Much like habitat is the cornerstone for healthy birds, elections are the bedrock of our democracy. Now that the election is over, we go on as a nation, as a people. The president-elect has called for us to build the future together. We will, as we have done for over a century, work with our elected representatives at the local, state, and federal levels to ensure that protecting birds and the places they rely on for survival remain a priority.
The Audubon conservation legacy has persevered for 111-years because our strong network of members, volunteers, and chapters are truly committed to our mission; we are a centric organization that, like the species we work so hard to protect, knows no political party; and we bring a well-respected and authentic voice to conservation priorities in communities across the country. None of that has changed and neither will we.
We know that what is good for birds - protected land, clean water, and clean air - is also good for people, our quality of life, and the economy of our beautifully diverse state. And by working side-by-side with you, we will continue protecting and restoring it for the benefit of all.
Managing Our Lands for Birds and People
On November 2, 2016 over 250 people attended the 2016 Keesee Luncheon at the Metropolitan Club in New York City to celebrate the two honorees: Christopher (Kim) Elliman, President and CEO of the Open Space Institute (OSI), recipient of the Thomas W. Keesee, Jr. Conservation Award, and Dr. E.O. Wilson, University Research Professor Emeritus at Harvard University, recipient of the Audubon New York Award for Environmental Writing. This year’s program focused on healthy forests, one of Audubon New York’s priority conservation pillars. Through our healthy forests initiative and with the help partners such as OSI, as well as land owners and land managers, Audubon New York is working to protect and restore forests throughout the state. Through the Keesee Luncheon we raised over $300,000 in support of Audubon New York’s statewide work protecting birds and their habitats. Click here to view photos from the luncheon; and here for Kim Elliman’s honoree video.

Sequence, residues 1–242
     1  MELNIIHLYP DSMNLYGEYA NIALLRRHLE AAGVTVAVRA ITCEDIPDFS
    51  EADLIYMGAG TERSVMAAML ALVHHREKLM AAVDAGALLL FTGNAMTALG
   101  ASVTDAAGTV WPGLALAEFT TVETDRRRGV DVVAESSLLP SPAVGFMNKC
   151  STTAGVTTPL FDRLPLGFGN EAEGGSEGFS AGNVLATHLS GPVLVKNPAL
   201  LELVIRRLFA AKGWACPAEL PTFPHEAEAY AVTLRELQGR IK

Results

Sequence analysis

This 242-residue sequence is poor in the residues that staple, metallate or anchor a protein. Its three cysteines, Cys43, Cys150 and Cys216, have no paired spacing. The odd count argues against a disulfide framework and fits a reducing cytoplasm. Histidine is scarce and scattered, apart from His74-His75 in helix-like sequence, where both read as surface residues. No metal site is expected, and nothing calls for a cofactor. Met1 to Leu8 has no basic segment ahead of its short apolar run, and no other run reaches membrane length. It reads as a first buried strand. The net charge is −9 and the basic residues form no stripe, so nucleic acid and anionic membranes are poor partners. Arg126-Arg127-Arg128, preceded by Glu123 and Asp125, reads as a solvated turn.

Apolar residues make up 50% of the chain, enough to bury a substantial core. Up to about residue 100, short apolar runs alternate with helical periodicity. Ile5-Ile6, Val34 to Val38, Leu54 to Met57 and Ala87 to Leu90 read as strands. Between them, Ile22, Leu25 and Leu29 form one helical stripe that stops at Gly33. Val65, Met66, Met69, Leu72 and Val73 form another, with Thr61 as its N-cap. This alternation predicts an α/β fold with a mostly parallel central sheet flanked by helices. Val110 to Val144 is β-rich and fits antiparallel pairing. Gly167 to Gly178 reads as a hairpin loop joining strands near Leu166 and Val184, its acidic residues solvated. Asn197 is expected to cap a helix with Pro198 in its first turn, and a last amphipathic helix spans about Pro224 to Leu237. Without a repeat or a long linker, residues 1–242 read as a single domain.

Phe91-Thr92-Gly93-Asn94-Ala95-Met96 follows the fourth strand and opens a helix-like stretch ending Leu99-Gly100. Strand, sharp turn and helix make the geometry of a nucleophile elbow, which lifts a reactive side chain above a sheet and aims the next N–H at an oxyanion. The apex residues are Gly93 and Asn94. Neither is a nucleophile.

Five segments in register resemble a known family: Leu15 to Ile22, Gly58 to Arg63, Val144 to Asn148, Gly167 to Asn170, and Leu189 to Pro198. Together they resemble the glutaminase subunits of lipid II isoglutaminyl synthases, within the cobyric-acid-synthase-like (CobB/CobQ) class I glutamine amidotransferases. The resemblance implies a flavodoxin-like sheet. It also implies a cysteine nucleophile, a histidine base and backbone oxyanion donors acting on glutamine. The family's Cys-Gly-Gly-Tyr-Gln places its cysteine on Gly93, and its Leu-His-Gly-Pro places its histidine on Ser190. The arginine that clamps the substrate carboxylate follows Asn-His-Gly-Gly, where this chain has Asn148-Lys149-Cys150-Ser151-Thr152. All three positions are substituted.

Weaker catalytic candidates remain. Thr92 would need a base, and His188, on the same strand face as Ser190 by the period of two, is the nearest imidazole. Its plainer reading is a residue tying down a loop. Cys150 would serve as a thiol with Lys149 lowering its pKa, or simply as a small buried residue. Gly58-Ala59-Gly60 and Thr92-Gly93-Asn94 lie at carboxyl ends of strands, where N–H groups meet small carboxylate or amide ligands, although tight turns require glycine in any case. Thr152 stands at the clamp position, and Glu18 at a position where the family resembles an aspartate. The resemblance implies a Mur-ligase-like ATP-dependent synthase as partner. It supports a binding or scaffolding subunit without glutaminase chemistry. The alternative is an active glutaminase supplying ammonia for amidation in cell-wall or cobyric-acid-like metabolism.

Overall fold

Sharing Our Seas and Shores
On October 17th, Audubon New York submitted formal comments and asked for your help in urging the United States Army Corp of Engineers to revisit their recently released Draft Reevaluation Report and Draft Environmental Impact Statement for the proposed Fire Island Inlet to Montauk Point, NY, Coastal Storm Risk Management Project (FIMP). This project to identify, evaluate, and recommend long-term solutions for hurricane and storm damage along 83-miles of ocean and bay shorelines would have significant impact on Long Island’s south shore and the important habitat for threatened and endangered species it supports, such as the Piping Plover. We are grateful to the 1,039 people who took action and spoke out in support of Audubon New York on this important issue.
Saving Important Bird Areas
In Mid-September, Governor Andrew M. Cuomo announced the release of the New York State Offshore Wind Blueprint, a framework for the responsible development of robust wind energy off the coast of New York. New York State is home to some of the world’s strongest offshore wind resources, which will help New York obtain its Clean Energy mandate, to supply 50 percent of the state’s electricity from renewable energy resources by 2030. To help mitigate the potentially harmful impacts of these offshore wind developments on migratory shorebird species, Audubon New York will work with NYSERDA and DEC to ensure the final Offshore Wind Master Plan incorporates studies, procedures, and siting guidelines which account for wildlife health.
Creating Bird-friendly Communities
This time of year in New York, it is important to make the most of what you have in order to create a more bird-friendly yard. The ability to find safe passage, healthy breeding, wintering, and resting habitat is an integral part of a successful migration season. Use bird-friendly fall cleanup practices – build a brush pile, fill your feeders, scout for migrating birds and report your findings to eBird.
Staff and Chapter members gathered for the most recent Audubon Chapter Council of New York State Fall Meeting on October 28th – 30th at the Holiday Inn in Plainview, NY. Over 55 people, including leaders representing 20 of New York’s 27 Chapters were in attendance, enjoying presentations, workshops, and field trips including the Sagamore Hill National Historic site, Sunken Meadow State Park, and Jones Beach State Park. It was a productive and invigorating weekend for all Audubon conservationists in attendance.
Register for the 2017 Women in Conservation Luncheon
Join us on May 16th to celebrate this year's Rachel Carson Award recipients.